Greek Mythology and Wine


The ampelos greek mythology ( in Greek) or Ampelus (in Latin) was a personification of the grapevine and lover of Dionysus. He is one of the lesser-known figures from ancient Greek mythology, and it may be that his story was based on an older one, as Ovid (who wrote at the turn of the 1st century AD) mentioned him but did not tell a specific version of his tale. He is also referred to by Nonnus, a 5th-century Egyptian-Greek poet.

The tragic Ampelus story was deeply intertwined with wine culture in ancient Greece. He became a symbol of the divine connection between wine and the spiritual world, evoking both joyous celebrations and reflection. His imagery was often featured in ancient Greek art, and he became the figurehead for wine festivals and offerings to Dionysus.

Ampelos: Exploring the Grapevine Deity in Greek Mythology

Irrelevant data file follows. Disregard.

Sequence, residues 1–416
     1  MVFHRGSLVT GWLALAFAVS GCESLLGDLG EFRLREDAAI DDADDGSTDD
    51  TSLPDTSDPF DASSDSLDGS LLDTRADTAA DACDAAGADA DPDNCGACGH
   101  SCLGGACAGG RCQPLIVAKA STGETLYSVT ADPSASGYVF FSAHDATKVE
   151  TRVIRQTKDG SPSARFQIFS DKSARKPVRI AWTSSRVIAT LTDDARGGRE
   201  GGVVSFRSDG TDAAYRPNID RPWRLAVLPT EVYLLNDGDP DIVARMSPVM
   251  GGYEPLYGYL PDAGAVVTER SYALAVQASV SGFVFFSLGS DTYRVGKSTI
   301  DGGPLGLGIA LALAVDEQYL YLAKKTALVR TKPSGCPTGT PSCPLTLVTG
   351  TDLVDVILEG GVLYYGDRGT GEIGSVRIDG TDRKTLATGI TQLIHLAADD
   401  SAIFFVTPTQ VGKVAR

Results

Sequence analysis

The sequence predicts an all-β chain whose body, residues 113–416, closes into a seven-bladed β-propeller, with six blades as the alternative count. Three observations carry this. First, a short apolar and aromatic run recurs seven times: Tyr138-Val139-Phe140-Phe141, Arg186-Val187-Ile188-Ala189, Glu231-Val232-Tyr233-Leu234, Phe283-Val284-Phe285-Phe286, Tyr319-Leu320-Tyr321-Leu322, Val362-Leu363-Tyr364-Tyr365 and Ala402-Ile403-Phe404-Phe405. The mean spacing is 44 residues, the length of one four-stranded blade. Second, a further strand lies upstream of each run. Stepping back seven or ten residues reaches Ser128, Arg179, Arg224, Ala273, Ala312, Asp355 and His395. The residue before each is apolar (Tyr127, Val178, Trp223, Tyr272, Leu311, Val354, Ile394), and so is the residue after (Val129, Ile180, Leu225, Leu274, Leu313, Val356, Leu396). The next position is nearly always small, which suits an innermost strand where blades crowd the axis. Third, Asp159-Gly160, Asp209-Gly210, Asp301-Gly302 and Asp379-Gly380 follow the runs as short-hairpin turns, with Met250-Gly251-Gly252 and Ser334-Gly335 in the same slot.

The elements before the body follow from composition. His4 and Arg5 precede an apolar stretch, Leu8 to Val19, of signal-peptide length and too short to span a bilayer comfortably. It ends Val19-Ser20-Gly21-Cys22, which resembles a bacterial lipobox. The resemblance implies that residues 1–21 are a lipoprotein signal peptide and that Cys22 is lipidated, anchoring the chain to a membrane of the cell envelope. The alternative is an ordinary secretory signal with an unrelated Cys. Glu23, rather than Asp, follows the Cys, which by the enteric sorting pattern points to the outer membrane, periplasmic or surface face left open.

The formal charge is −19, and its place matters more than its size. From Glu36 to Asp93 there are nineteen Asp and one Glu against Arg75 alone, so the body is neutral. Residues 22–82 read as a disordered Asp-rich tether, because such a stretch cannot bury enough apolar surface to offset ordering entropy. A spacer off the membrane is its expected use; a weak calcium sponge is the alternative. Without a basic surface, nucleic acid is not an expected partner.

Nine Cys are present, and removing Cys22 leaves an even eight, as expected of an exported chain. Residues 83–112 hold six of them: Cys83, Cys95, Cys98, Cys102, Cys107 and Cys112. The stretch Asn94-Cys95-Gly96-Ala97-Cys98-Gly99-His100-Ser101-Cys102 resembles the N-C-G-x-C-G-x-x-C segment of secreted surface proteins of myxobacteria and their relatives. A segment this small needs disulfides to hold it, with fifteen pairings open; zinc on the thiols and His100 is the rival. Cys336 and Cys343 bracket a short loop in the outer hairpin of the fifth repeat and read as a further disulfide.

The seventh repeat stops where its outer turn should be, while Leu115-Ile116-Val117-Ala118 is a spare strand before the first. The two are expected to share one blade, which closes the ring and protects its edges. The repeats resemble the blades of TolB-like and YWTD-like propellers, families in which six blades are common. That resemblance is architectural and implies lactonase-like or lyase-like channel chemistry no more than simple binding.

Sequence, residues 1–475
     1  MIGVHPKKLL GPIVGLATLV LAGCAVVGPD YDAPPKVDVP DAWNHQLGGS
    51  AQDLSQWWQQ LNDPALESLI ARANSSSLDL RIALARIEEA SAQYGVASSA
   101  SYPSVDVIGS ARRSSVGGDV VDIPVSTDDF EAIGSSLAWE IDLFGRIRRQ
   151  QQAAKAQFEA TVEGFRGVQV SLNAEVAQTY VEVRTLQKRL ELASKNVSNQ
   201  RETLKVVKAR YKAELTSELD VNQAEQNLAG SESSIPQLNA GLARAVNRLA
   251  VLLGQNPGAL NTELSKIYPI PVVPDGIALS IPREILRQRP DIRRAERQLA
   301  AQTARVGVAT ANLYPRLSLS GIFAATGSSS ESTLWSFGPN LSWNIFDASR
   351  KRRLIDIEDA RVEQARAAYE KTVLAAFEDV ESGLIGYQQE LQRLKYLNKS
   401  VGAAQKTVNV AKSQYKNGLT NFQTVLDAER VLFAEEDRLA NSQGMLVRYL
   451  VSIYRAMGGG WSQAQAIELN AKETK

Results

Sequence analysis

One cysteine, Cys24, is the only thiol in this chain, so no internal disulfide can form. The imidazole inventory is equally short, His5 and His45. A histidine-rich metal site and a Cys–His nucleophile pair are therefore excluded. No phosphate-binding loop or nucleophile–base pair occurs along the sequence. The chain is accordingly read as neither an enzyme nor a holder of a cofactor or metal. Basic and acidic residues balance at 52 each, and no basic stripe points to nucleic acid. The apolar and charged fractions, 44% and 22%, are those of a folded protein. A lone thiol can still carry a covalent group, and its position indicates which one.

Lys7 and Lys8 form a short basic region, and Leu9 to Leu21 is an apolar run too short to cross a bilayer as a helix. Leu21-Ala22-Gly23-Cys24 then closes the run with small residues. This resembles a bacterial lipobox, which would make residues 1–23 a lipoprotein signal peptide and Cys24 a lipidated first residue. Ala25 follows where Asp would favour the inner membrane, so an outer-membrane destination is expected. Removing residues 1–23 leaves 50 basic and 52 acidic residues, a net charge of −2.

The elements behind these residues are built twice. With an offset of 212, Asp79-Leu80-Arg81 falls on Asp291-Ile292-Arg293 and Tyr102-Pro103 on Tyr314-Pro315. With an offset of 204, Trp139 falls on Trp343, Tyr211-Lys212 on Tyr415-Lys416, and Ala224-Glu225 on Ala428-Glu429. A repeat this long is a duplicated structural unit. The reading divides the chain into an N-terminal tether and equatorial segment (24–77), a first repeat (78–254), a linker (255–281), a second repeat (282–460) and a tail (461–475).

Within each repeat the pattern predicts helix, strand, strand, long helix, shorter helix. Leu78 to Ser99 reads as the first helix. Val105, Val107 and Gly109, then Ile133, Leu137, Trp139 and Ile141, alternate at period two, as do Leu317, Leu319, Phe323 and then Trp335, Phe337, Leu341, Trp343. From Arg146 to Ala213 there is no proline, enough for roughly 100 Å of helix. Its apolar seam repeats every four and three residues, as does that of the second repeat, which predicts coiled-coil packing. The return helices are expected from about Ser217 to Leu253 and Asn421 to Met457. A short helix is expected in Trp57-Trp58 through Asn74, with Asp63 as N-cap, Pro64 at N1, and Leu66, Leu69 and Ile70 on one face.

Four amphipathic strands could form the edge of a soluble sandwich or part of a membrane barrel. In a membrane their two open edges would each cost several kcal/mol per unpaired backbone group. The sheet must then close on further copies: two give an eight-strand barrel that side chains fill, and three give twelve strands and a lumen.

In one of the two versions of his story, Ampelus was a beautiful but reckless satyr who loved wine and was close to Dionysus, the God of Wine. He was a drinker to the extreme, and he got into trouble on at least one occasion. He may have fallen out of a vineyard while picking grapes, or he could have been killed by a bull or other animal after drinking too much.

Dionysus was devastated by the loss of his foster son, and he memorialized him by turning him into the first grape vine. This evoked the idea that wine and life were intertwined in an eternal cycle. It is perhaps this legend that gave rise to the modern expression “heard it on the grapevine.” The name Ampelus has also been adopted by many wineries and vineyards, representing a lasting connection between ancient Greek mythology and wine culture.

Leave a Reply

Your email address will not be published. Required fields are marked *